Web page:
Twenty years ago this month, WRAP was developed by an amazing group of peers in northern Vermont. WRAP’s 20th birthday has made me think a lot about my own WRAP and what it has meant to me in my own life. Of course, it has been absolutely thrilling to see WRAP spread all over the world and to get so much confirmation from people everywhere, people in all kinds of circumstances, and people with all kinds of issues, about how it has worked for them, and how it has given them the opportunity to move forward in their lives—something they never thought possible. This feedback, along with the findings of the many, many studies that have proven the power and effectiveness of WRAP, has kept me going.
I remember clearly a cloudy afternoon back in March 1997. It must have been warm for March because my spouse, Ed, had gone to help my son Jerry make maple syrup and that only happens on warm March days (freezing at night, above freezing in the daytime). I had just gotten home from the last session where we put the finishing touches on WRAP. I was so intrigued by the whole concept that I decided to spend the afternoon developing my own personal WRAP.
Step by step, I went through the whole process, starting with the Wellness Toolbox. I made a long list, which is actually short compared to the hundreds of items I have now (I gather them at WRAP groups and add them to my list if I think they will work for me), except for the Crisis Plan, which I left for another time. As I did this, I noticed I was thinking about myself and the various mental health issues I’ve dealt with over the years in a different way. Instead of being permanent fixtures in my life that define me as a person, I began to see them as limited and that, with all the Wellness Tools I had identified, there was bound to be one or several that would get me past whatever happened to be going on at the time.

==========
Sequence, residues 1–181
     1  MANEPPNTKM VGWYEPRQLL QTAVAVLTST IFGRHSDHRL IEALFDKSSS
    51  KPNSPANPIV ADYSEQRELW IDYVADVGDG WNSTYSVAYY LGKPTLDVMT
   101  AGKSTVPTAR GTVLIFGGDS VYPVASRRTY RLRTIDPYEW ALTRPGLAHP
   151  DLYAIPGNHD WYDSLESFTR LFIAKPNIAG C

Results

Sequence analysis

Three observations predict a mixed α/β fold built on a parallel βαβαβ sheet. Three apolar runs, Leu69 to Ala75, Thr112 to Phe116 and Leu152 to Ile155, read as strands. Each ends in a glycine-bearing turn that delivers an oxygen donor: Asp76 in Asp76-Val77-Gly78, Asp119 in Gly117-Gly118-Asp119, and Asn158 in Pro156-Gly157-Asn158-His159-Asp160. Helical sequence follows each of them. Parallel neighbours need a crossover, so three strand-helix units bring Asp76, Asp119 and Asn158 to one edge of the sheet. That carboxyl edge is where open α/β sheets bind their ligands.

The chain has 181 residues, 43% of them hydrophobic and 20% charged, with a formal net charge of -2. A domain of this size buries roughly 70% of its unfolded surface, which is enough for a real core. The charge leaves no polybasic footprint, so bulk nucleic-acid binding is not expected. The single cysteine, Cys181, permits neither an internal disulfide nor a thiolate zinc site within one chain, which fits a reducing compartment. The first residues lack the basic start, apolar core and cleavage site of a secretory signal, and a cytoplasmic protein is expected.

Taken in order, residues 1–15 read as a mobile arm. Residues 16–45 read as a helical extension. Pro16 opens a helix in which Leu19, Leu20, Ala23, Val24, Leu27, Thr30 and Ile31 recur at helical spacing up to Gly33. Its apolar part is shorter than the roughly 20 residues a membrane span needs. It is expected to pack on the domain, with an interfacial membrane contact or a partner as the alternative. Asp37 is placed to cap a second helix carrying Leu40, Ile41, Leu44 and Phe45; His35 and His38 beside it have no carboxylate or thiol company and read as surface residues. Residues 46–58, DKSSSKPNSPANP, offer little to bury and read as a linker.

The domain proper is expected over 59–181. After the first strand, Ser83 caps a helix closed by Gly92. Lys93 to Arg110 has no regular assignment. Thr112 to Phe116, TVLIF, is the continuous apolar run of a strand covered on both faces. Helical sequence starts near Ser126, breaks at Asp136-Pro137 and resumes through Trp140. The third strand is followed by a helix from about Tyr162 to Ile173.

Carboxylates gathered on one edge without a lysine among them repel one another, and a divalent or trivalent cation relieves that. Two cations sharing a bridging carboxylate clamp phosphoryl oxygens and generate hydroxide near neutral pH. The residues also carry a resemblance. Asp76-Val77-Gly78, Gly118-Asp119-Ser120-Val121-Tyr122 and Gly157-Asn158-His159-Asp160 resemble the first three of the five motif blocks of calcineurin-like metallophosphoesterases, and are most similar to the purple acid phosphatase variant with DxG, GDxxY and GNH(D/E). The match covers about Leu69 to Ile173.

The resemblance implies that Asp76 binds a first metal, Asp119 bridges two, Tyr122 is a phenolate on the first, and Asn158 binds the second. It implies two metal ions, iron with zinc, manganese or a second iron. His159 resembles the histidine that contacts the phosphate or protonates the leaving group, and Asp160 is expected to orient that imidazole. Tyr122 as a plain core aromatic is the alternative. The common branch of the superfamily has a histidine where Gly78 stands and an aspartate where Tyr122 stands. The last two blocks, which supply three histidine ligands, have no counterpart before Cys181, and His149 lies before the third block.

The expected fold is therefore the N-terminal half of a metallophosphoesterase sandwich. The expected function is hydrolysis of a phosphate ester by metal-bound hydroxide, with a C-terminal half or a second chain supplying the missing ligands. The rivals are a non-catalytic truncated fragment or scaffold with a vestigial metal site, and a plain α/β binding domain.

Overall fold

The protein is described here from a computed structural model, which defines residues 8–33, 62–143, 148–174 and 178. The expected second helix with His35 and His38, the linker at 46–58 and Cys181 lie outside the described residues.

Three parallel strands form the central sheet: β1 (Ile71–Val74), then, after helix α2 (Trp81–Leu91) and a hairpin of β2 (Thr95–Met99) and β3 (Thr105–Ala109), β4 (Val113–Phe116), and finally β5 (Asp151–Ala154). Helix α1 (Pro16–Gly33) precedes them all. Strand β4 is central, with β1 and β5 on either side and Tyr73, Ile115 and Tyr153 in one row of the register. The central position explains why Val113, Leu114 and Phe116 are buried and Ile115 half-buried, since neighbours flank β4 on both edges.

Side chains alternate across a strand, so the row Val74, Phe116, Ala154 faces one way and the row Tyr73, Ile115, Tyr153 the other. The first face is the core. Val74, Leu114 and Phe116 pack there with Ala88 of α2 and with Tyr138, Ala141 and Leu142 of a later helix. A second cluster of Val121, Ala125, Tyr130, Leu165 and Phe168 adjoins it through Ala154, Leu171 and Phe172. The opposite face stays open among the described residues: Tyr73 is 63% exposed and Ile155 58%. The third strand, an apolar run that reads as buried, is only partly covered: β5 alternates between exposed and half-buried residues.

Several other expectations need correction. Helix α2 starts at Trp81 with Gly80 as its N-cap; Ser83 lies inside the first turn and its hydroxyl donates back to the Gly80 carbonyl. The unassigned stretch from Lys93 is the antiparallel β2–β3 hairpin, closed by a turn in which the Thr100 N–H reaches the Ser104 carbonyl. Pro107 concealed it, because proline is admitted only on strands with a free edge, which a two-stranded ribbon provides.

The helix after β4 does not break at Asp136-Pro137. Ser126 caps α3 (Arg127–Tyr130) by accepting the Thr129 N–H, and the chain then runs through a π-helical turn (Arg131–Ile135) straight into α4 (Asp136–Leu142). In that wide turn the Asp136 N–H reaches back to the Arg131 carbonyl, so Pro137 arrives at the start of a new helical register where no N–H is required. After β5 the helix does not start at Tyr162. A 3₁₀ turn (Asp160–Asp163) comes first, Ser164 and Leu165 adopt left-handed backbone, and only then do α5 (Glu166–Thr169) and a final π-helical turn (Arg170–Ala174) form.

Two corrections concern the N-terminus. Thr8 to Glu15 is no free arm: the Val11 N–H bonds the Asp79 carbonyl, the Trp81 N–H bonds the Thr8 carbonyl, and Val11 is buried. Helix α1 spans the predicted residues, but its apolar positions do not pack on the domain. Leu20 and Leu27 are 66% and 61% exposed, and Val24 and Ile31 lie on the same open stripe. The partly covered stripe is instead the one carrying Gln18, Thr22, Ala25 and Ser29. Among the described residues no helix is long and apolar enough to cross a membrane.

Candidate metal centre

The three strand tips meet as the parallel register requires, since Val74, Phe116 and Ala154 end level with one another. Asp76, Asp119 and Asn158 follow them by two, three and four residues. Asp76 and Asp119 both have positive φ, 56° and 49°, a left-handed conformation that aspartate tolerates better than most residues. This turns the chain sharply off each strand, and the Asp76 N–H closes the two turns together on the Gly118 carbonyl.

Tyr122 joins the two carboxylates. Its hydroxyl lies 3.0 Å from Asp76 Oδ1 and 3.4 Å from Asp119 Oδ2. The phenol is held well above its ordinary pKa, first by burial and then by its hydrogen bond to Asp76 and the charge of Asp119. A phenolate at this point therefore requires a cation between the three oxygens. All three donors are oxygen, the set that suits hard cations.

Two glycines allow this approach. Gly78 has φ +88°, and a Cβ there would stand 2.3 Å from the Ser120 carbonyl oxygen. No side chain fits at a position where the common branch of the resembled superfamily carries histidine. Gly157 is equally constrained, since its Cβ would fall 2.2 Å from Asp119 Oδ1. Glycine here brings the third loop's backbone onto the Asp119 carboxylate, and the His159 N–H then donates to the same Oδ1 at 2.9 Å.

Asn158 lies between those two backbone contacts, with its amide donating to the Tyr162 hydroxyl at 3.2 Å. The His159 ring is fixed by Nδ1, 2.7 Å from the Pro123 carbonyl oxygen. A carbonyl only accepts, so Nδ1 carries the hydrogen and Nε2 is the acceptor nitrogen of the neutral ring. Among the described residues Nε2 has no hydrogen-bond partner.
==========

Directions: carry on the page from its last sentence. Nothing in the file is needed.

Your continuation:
It was a full afternoon’s work—developing my Daily Maintenance Plan, so practical for me; thinking about my Triggers and what to do when they come up; really working hard on the Early Warning Signs that I had tried so hard to ignore in the past and thinking about what might relieve those; and then really puzzling over the When Things are Breaking Down section. It was a full afternoon’s work. Now, I recommend doing that work over a longer amount of time, but it worked for me that day. Little did I know what a momentous day that was for me.
Right away, that evening, I started living my WRAP. I became much more aware of how I was feeling and what I was doing. If I was feeling uncomfortably irritated, I asked myself what I could do to move past that place. If I started feeling that deep dark place in my chest, I had options. I could let myself get entrenched, or I could use my Action Plans that were full of great Wellness Tools. In all these years, I have never veered from that new way of WRAP-based thinking. It was so powerful and effective for me. I had made small steps in my recovery before, but this was exponentially huge. My spouse noticed it. My family members noticed it. My friends noticed it.